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I know that you don’t want to write a cover letter for an in-house counsel role (or any other position for that matter). At the same time, if you’re reading this article you probably suspect that—if done right—a cover letter can be valuable. And you would be correct! Keep reading to learn more about the four strategies that will in- crease the odds of your in-house cover letter not only being ready, but also of you being invited to interview. Whether it’s a recruiter or a busy general counsel reading your cover letter, they want to know why you want the job.

In-House Counsel Cover Letters Are Direct

Cover letters aren’t the place for your life story. Whether it’s a recruiter or a busy general counsel reading your cover letter, they want to know why you want the job. And they want to know quickly. You’ve likely got multiple reasons for why you want to work for them, but pick the best one. How will you know it’s the best one? Because it’ll be the reason that is most about the employer (as opposed to about yourself ).

This will require you to do a little research so you can be as specific as possible. Whether you search their website, scan their social media accounts, or talk to (former) employees, you want to learn about the organization’s mission, values, workplace culture, work they do and clients they serve. Based on what you discover, you can then show the employer that you have an in- formed understanding of why you want to join their organization.

In-House Counsel Cover Letters Should Address Obstacles Head On

Your cover letter is the ideal place to address any objections an employer may have to hiring you. In some cases, I advise lawyers to call out and resolve any potential obstacles in the first sentence of the cover letter. So think honestly about what the employer might perceive as an obstacle to hiring you. More often than not, this is something that you’re already somewhat self-conscious about like:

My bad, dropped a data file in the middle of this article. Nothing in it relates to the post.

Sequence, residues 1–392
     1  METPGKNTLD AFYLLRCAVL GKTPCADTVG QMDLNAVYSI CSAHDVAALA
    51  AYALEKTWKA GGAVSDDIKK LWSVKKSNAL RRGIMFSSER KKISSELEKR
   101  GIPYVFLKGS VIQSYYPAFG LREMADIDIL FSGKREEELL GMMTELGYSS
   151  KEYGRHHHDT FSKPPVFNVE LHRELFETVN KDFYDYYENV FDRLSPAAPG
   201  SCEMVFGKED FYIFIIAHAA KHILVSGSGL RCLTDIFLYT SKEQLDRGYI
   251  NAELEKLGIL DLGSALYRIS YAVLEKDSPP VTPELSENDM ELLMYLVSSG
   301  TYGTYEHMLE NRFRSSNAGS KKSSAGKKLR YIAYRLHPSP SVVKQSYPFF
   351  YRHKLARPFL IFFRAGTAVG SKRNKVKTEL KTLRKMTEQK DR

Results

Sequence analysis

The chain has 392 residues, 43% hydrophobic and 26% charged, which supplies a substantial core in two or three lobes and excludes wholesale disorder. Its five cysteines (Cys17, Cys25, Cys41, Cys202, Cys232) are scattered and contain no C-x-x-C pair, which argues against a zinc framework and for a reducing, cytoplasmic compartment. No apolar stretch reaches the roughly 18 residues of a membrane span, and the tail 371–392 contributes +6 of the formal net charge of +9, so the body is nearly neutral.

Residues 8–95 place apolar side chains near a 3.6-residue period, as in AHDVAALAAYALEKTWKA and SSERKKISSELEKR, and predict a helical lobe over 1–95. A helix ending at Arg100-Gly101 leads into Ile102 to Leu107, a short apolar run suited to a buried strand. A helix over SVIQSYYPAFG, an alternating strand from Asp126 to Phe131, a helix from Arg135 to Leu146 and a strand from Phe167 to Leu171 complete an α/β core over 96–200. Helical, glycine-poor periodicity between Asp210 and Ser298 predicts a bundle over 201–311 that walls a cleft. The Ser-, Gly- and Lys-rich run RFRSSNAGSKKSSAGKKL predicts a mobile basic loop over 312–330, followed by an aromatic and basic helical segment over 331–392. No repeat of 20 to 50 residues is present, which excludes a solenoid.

• Lack of in-house experience
    • Limited practice area experience
    • Geographical location (not local)
    • Appearing overqualified or too senior for the position

Rather than shy away from these potential objections, bring them up so you can quickly dispel them. Then the reader will be able to focus instead on the value you’re bringing to the position.

In-House Counsel Cover Letters Need To Highlight Results

Focusing on results is key. The number one problem I see in cover letters and résumés for in-house positions is the lack of results and achievements. Every employer is looking for a problem solver. In-house employers need a problem solver who can hit the ground running on day one. Generally, they don’t have the resources for extensive training. By providing a specific example of how you’ve provided value in a scenario that’s analogous to what the employer needs, they’ll easily understand how you fit into the role. In other words, you’ve got to demonstrate that your existing skills and experience are transferable! You do that by showing a problem you solved, how you did it, and the benefit it provided to your client and/or employer.

In-House Counsel Cover Letters Must Be Concise

While I don’t believe résumés should be limited to one page, I do strongly advise that cover letters be no more than a single page. Having a shorter cover letter increases the chances that it will actually get read! Remember, recruiters and general counsel are busy. They’re more likely to at least scan your cover letter if it looks more like a one-minute read than a lengthy treatise. Your goal is to get the reader primed for and excited to look at your résumé. So think more “movie trailer” and less “Ken Burns documentary.” And, yes, I’m aware of the urban legend that claims cover letters never get read; and that can certainly happen even when you have a stellar cover letter. Regardless of whether anyone else reads yours, writing one helps you develop the narrative as to why you’re the best candidate— which gives you a head start on preparing for the interview.

Writing Your Compelling In-House Counsel Cover Letter

At the end of the day, you’re a lawyer who knows how to argue effectively. You can leverage that skillset in writing your cover letter
to make a compelling case for why you’re the best candidate for the job. In doing so, you’ll be highlighting your transferable skills.

If you’re not crystal clear on what your transferable skills are, check out my free transferable skills masterclass, 3 Simple Strategies for Uncovering Any Lawyers Transferable Skills. I walk you through how to analyze a job description, identify your transferable skills, and focus on the results you’ve gotten in your prior roles. When you combine your upgraded résumé with your customized cover letter, you’ll be fielding interview requests for any in-house position you apply to.

*Reprinted with permission from Annie Little, JD, ICF Certified Career Coach. This article originally appeared on